The Toilet Ocarina
This was a project I tried several months ago. The inspiration was the Ostrich Egg Ocarina outlined in Bart Hopkins' wonderful book, Making Simple Musical Instruments--A Melodious Collection of Strings, Winds, Drums & More.

Being too cheap to spend money on a real ostrich egg, I opted for the man-made equal--the toilet tank float. And plastic, no less.

Construction was straightforeward. Roughly rectangular fipple hole. Windway constructed of sheet plastic and mounted on a Sculpty clay pedestal. Goop was used to hold the fipple assembly to the body. Seven finger holes. Unfortunately, the range was less than an octave. I had enlarged the fipple hole to tune the lowest note up to C( it was originally about Bb). The cumulative opening of all the holes, however, made the instrument crap out before it could even reach an octave. In retrospect, I probably should have tuned up the insrtument by reducing the air cavity size rather than enlarging the fipple hole. My weak fipple making skills didn't help, either.

If you wish to make one of these, by all means, give it a go! Plastic floats are cheaply available, at least in the hardware stores in Southern Calif.  Unfortunately, the floats I've come across are made of the kind of plastic that won't stick well with most glues or epoxies. Hot melt glue sticks seem to be adequate for this project. Goop works well, too. Copper floats are also available, but they cost more and require much more patience because they are easily dented and hole edges can be very sharp. If you make any improvements, share them with everyone else. Make a web page about it.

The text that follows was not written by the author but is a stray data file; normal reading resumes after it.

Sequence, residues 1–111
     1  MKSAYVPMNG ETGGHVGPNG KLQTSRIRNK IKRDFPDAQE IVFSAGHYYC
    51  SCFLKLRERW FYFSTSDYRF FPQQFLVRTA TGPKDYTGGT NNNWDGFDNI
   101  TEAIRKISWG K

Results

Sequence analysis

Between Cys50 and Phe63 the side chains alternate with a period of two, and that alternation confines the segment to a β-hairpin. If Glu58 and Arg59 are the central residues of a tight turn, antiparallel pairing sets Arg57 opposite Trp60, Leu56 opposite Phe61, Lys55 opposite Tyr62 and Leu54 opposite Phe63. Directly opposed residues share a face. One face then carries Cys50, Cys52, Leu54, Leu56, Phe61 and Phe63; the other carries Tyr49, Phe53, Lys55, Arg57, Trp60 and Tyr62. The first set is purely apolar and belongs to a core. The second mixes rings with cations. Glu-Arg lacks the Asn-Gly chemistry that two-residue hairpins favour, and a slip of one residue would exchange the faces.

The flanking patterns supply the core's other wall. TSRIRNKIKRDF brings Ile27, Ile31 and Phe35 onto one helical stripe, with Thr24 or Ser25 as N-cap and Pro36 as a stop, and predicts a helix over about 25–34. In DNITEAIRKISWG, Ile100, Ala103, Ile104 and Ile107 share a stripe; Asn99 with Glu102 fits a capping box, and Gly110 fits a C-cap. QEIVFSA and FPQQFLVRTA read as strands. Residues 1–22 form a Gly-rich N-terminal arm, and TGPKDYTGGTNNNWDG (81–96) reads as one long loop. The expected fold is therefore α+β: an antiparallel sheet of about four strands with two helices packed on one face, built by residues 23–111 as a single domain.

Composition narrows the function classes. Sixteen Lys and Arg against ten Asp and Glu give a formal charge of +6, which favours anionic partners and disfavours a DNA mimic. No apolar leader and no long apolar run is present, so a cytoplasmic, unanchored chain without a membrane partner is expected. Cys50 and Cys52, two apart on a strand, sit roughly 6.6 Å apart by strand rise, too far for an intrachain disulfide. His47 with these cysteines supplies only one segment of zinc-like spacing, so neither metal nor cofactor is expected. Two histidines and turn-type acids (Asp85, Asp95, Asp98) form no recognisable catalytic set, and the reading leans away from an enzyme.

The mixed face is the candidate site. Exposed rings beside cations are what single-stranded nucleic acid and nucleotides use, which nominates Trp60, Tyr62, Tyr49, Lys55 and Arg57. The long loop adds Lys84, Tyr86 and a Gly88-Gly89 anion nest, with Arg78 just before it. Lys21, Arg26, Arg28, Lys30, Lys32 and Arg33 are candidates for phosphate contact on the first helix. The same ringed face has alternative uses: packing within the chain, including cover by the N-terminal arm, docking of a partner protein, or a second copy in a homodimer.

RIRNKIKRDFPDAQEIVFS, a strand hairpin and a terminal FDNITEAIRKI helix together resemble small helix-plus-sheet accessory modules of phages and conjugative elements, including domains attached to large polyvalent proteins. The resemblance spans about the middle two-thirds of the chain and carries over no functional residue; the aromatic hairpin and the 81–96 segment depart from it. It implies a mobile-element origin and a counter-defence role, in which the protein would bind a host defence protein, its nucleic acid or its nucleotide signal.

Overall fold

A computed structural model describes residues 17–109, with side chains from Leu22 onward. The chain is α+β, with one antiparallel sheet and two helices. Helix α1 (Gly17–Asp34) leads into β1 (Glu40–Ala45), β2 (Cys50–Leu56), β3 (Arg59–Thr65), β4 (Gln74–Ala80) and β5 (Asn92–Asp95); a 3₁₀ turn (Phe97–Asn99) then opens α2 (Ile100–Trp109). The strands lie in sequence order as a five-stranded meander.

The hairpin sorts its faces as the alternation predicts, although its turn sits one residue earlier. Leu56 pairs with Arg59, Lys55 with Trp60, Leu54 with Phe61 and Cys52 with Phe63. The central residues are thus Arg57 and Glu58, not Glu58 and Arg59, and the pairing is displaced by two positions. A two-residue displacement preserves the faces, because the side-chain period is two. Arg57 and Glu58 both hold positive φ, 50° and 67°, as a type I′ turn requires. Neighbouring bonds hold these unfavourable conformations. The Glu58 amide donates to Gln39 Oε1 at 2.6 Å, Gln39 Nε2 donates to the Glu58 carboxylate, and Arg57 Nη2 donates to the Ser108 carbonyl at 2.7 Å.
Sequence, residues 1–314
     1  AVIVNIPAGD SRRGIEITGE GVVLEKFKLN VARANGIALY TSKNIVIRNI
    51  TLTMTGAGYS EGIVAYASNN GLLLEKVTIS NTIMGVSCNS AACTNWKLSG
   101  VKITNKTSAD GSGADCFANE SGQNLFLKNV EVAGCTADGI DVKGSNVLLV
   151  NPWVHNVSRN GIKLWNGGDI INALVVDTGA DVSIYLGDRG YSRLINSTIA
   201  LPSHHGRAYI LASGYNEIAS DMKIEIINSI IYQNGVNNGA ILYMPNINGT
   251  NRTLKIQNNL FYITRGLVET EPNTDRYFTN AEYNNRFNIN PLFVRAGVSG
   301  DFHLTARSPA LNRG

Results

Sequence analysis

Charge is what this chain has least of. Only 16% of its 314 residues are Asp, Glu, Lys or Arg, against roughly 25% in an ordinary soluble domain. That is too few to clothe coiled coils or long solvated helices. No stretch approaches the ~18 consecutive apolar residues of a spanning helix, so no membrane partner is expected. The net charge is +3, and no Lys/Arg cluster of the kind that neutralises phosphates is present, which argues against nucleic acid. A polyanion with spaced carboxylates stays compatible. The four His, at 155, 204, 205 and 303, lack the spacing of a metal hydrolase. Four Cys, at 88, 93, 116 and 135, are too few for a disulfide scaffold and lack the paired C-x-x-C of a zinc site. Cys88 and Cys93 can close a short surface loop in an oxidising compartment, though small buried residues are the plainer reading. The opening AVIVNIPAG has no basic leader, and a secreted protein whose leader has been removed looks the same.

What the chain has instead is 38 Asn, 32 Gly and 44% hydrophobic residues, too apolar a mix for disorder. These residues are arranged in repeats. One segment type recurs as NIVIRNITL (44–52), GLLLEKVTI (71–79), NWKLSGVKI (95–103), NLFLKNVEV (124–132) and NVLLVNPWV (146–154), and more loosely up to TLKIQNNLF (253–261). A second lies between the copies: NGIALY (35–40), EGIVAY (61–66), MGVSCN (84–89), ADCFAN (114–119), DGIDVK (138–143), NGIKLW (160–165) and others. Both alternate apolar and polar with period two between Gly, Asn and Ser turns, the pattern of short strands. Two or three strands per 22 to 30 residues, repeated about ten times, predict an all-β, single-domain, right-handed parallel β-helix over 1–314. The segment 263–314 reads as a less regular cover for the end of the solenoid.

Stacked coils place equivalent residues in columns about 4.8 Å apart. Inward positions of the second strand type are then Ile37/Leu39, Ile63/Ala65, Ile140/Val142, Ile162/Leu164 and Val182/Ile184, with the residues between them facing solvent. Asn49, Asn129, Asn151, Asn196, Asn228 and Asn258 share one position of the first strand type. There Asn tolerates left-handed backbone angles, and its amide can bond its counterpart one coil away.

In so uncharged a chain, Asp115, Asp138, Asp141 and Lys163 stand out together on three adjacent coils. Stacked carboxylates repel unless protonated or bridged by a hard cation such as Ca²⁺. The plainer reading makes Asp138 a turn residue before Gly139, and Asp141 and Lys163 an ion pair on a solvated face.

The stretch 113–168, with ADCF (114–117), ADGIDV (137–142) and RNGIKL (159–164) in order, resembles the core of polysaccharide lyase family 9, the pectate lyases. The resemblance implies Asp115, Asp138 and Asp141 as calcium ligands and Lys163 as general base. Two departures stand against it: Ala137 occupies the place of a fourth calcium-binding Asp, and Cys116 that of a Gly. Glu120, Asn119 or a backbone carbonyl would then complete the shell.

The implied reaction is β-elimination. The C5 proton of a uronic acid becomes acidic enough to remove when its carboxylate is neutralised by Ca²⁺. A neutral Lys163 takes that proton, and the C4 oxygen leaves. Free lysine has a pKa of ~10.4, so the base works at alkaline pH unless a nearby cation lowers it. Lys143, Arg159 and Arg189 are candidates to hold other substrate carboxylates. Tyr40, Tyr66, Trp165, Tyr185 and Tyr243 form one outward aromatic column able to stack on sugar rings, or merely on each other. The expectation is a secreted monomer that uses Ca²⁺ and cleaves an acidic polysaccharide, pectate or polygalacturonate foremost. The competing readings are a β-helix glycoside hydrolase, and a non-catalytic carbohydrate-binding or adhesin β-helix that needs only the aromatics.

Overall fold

I'm currently experimenting with an easier-to-construct version that uses a embrouchure hole similar to that found on a transverse flute, the result of  my fipple-making skills not improving much in the last few months.

Also visit: The $5.00 Clarinet

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